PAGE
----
Macron’s crisis in France is a danger to all of Europ
Natalie Nougayrède, Guardian columnist/The Guardian,UK
Extreme forces are rejoicing over the president’s predicament. Their ultimate goal is a political takeover of the continent
For Europe’s sake, Emmanuel Macron needs help – not our scorn or hatred. A young, reformist French president who promised a “European renaissance” finds himself struggling at the helm of a country that is fast becoming “the sick man of Europe” again. It was a telling moment last weekend when rioters disfigured the face of a statue of Marianne, the republic’s symbol, at the Arc de Triomphe in Paris. Just three weeks earlier, world leaders had gathered there with Macron for the centenary of the Armistice. If the “sad passions” that Macron has warned of many times take hold in France, an entire continent will be affected – not just one man’s political career.Extreme forces across Europe are busily rejoicing over Macron’s gilets jaunes predicament. From Britain’s hardline Brexiters (both left and right) to Italy’s far-right strongman Matteo Salvini, not to mention Putin’s propaganda outlets, the relish is unmistakable. Upheaval and chaos in liberal democracies is what they thrive on. The prize the extremists seek is a political takeover of Europe in next May’s European parliament elections. Events in France are ominous, and their significance extends far beyond one country’s borders.
Not long ago, Macron proudly branded himself as the arch enemy of Salvini and Hungary’s Viktor Orbán, two leaders whose trademark policies target migrants, political opponents and the rule of law. Macron is weakened, on the defensive, and ever more isolated.
Scenes in France these past two weeks may seem, to some, like a revival of the May 1968 uprising, but a more pertinent parallel may be 6 February 1934. That day, gangs of far-right nationalists marched on the French capital and clashed with the police in violence that left 15 dead. The events of the day served as a founding myth for that generation of France’s far right.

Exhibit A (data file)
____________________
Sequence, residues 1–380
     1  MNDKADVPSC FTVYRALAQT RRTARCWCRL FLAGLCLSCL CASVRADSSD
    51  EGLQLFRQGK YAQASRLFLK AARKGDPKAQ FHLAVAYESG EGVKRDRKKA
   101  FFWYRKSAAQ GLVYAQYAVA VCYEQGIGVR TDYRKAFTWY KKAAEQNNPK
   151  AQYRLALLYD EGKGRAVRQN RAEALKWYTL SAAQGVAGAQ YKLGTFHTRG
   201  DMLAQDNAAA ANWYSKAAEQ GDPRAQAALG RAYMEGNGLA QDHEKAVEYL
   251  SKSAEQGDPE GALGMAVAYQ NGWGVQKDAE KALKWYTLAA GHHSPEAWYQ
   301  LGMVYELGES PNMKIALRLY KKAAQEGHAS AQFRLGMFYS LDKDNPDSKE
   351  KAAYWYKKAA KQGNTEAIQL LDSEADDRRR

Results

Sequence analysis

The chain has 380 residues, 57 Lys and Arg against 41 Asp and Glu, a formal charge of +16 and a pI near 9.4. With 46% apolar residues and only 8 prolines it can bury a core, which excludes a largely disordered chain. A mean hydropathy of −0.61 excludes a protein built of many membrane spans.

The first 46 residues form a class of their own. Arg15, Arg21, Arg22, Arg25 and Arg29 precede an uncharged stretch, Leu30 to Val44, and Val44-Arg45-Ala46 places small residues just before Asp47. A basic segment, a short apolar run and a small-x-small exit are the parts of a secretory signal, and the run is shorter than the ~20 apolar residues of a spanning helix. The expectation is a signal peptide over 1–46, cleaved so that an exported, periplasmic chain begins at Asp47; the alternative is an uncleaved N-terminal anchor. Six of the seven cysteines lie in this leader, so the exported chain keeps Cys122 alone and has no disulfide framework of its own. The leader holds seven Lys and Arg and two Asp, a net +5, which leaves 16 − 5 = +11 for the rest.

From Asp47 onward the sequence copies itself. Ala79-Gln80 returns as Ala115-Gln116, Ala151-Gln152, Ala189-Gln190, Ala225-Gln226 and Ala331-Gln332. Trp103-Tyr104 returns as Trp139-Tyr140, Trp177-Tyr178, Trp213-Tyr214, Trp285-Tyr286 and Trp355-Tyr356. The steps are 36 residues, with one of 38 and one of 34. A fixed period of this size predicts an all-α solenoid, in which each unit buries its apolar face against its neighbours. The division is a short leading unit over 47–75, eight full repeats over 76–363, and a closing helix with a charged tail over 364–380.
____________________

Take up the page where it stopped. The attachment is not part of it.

Macron has certainly made mistakes. Most of the protesters have genuine, if chaotically expressed, grievances. They consider themselves the “invisible” people treated with contempt by Parisian elites, and now they’ve made themselves very visible with their fluorescent vests. Public opinion is behind them.One of their most eloquent members is Ingrid Levavasseur, a young nurse and single mother of two from Normandy. Last week she spoke movingly on television of her struggle to make ends meet, and of her sense of deep injustice: “Some people complain that we block roads, but they don’t complain when they’re stuck in traffic jams on their way to ski resorts, do they?” she asked softly.But France’s crisis has more sinister undercurrents, embodied by another gilets jaunes spokesperson, Christophe Chalençon. A blacksmith from the southern Vaucluse region, Chalençon is openly anti-Muslim and has called for a military-led government to be installed – “because a true commander, a general, a strong hand is what we need”. Far-right outfits such as Action Française are meanwhile trying to make a comeback.Today’s announcement that tax rises would be suspended is probably too little, too late. French anxieties are threefold. There is the fear of losing power and prestige; the fear of the economic impact of globalisation, and the fear of losing a “national identity”. The country also suffers from deep domestic fault lines which one president alone could hardly heal in just eighteen months.Entire social groups feel pitted against one another: young versus old, unemployed versus employed, rural versus urban, unqualified versus educated. Such divisions exist in many countries, but in France they take on an existential dimension because of the ideal of egalitarianism historically associated with the republic. Many French people feel reality doesn’t reflect what they are entitled to have.When Macron ran for office in 2017, he promised a “revolution” (it was even the title of his campaign book) to address a widespread need for domestic renewal and a rebooting of French prestige, not least on the European stage.